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Showing content with the highest reputation since 06/08/2019 in all areas

  1. 39 points
    Thank you for prayers. So far it seems like a best case scenario. Basically an overgrown cyst. She told my husband no signs of cancer. Left an ovary. Hopefully trauma doesn’t turn it off. I’ve walked 3-4 laps of the hospital block but still feel wonky and dizzy, probably from anesthesia. Pain is under control so far but may get worse as spinal wears off. Interestingly, surgery team was all women. Have to fart and/ or poop to go home. No bowel sounds yet. Prayers and thoughts still appreciated. Still very sad about loss of uterus. I know that is silly but it is what it is.
  2. 30 points
    Unbelievable. Absolutely unbelievable. I have been learning the Wahls Protocol for the past couple months and have been working really hard to fit in 7-9 cups of vegetables. My neuro is out for June so I went to my GP. I’ve lost 19 pounds. That’s a lot for me. I’m barely in normal ranges for iron, despite taking three different high quality supplements. My MCV level is above normal range - indicating very low B12. (It was normal last fall.) He didn’t test B12, but this is more telling anyway. The labs were run on Friday. Friday AM, DH had to have an MRI, a steroid shot in his back, and DS went almost an hour away to bale hay and pick up rocks. We had a grad party in the evening, so when DH got done we were in a hurry to pick up DS so we ran through Taco Bell. Nothing was compliant and I gave in and ate an enormous thing full of protein - dairy, refined beans, black beans (all banned on Wahl Level 3) and steak. On Saturday I felt pretty decent for the first time in a few weeks. DH blamed the diet. Test results came back. He went and bought sardines, lol. (Essentially, you can have iron available and low B12 can dampen your ability to utilize it.) So - instead of just focusing on the veg., I’m tracking protein too and I’m fitting in at least one high B12 food each day. It’s only Tuesday. I feel shockingly better. I don’t know why my B12 is so readily depleted... Regardless, I thought I’d share. I really can’t believe the impact. Thank you all for the prayers. This has been one amazing week for us.
  3. 25 points
    BABY!!! I'm an auntie! Woot! (I have two nieces and a nephew on my husband's side, but this is the first child of my only sibling. I'm excited!!!)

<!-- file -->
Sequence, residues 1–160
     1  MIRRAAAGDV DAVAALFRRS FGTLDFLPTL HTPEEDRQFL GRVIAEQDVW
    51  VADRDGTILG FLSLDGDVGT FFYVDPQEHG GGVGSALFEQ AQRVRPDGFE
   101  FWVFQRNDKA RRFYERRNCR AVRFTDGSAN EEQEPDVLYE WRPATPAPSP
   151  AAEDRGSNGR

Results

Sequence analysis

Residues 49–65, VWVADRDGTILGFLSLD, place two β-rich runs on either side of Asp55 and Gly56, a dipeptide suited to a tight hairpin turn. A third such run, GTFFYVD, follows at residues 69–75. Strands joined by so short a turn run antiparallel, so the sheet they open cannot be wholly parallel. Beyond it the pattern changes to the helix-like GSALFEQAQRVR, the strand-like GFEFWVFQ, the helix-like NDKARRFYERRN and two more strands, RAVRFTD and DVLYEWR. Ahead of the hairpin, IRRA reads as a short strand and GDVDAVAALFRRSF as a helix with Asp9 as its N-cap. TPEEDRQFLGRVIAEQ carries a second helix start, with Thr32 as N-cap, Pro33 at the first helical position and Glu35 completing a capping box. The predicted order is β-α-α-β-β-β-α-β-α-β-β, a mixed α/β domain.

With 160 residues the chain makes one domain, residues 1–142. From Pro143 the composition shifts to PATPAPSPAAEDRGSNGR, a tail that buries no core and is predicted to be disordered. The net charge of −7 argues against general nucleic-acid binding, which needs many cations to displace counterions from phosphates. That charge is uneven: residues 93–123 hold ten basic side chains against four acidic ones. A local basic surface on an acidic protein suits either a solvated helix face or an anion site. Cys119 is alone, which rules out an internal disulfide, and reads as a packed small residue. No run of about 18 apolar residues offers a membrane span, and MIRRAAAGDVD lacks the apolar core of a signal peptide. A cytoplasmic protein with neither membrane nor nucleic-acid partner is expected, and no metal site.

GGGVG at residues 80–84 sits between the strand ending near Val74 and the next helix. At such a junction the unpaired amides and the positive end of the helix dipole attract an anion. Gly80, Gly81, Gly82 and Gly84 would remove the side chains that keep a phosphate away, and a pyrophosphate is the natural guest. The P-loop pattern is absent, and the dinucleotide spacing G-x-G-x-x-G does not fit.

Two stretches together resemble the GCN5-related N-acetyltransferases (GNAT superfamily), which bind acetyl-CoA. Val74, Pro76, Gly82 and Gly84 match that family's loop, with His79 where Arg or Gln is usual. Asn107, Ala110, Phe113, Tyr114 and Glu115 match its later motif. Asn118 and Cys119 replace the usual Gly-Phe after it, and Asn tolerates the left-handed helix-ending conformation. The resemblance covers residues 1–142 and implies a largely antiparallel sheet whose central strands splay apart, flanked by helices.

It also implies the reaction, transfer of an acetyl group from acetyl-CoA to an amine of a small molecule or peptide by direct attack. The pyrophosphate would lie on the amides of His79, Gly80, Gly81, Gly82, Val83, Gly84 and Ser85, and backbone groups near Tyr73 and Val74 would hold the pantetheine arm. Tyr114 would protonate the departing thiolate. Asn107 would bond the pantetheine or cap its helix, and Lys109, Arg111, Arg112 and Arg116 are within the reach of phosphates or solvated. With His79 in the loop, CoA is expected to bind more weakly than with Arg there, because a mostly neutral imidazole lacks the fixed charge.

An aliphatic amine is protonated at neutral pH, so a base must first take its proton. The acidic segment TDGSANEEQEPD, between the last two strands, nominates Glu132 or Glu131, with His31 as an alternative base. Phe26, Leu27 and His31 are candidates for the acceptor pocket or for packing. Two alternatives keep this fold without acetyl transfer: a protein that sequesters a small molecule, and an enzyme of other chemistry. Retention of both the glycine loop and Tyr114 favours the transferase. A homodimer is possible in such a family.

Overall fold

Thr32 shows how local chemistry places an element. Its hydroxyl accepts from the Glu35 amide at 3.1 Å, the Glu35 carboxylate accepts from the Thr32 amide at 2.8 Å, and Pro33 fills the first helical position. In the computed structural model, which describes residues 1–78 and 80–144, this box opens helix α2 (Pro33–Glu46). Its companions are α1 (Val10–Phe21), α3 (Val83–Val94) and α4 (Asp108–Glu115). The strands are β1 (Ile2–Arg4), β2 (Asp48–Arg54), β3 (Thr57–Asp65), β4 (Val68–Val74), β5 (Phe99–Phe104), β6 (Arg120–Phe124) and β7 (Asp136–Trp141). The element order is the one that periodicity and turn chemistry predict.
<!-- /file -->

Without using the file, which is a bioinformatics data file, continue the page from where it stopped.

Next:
4. 24 points
    When I was ages 7-11, my mom used to take us kids to Friendlys for ice cream. We rarely got food, just ice cream. When I was 11 we moved to Indiana and there are no Friendlys in Indiana. And all of my siblings and I were unimpressed lol. As we all grew older and became adults and parenting our own kids, and vacationing with them......eating at a Friendlys while on vacation was a thing. When planning a vacation, or any sort of trip really, we would research if there was a Friendlys in the area. Sometimes book the hotel closest....it's that much a part of my childhood. When DH and I were preparing to move, one of my FAVORITE things I was looking forward to was being near one. AND THEY CLOSED THEM ALL. Less than 6 months before we moved. All of the Friendlys in the state of Ohio. ( They can of course still be found along the east coast.) Today is DH's birthday. We do celebrate adult birthdays in our family but especially random adult birthdays (this is his 49th) tend to be really low key. We take the kids to buy gifts, special dinner (that he usually grills per his choice) and that's about it. I asked him weeks ago what he wanted to do for dinner, he chose to grill. I asked him for a list of gift ideas, he sent me two specific things exactly to walk into Cabelas with and tell them, "I need THIS." Ok, fine. In an effort to make it special and to have the kids more involved, I decided on a whim today to get him an ice cream cake. And I got some Happy Birthday candles to go with it, and had the kids help me set it all up to sing happy birthday to him and stuff, which I knew he would enjoy. So when I went looking for the ice cream cake I found the perfect one, a Reese's Peanut Butter Cup cake...Reese's Peanut Butter Cups are his favorite candy. Excellent. I put it in the cart. That's when I realized it was Friendlys brand. OMG. I actually took pictures of it to send to my mom lol. So anyway, we eat dinner, sing happy birthday, give DH his fishing pole, he's happy as a clam, the kids are so happy they made DH happy. And then there's me. Have you seen Ratatouille and the scene where the food critic eats the Ratatouille and it flashed back to when he was a kid. That was me sitting there eating my DH's birthday cake lol. I considered sneaking off in a corner and eating the rest of it all by myself. I felt 9yrs old again. It was absolutely awesome. It tasted EXACTLY the same as the sunday did some 30+ years ago. Yeah, probably simple things for simple minds lol. But I still had to share. lol
  5. 23 points
    And you know, just because I don't have enough going on, I got a call today for a job I didn't even apply for. They found my resume in their district application system and thought they would like to interview me. They called me and said they wanted to interview me either this week or next and I explained that I am going to the West Coast from Wed-Wed. They immediately said, "Well, what about tomorrow?" 😮 I just hope this isn't a, "We know who we want but we have to fill our quota of interviewing at least 3 people first" type of thing. High School, larger district, pays better, better hours, closer to home. So, here is hoping.....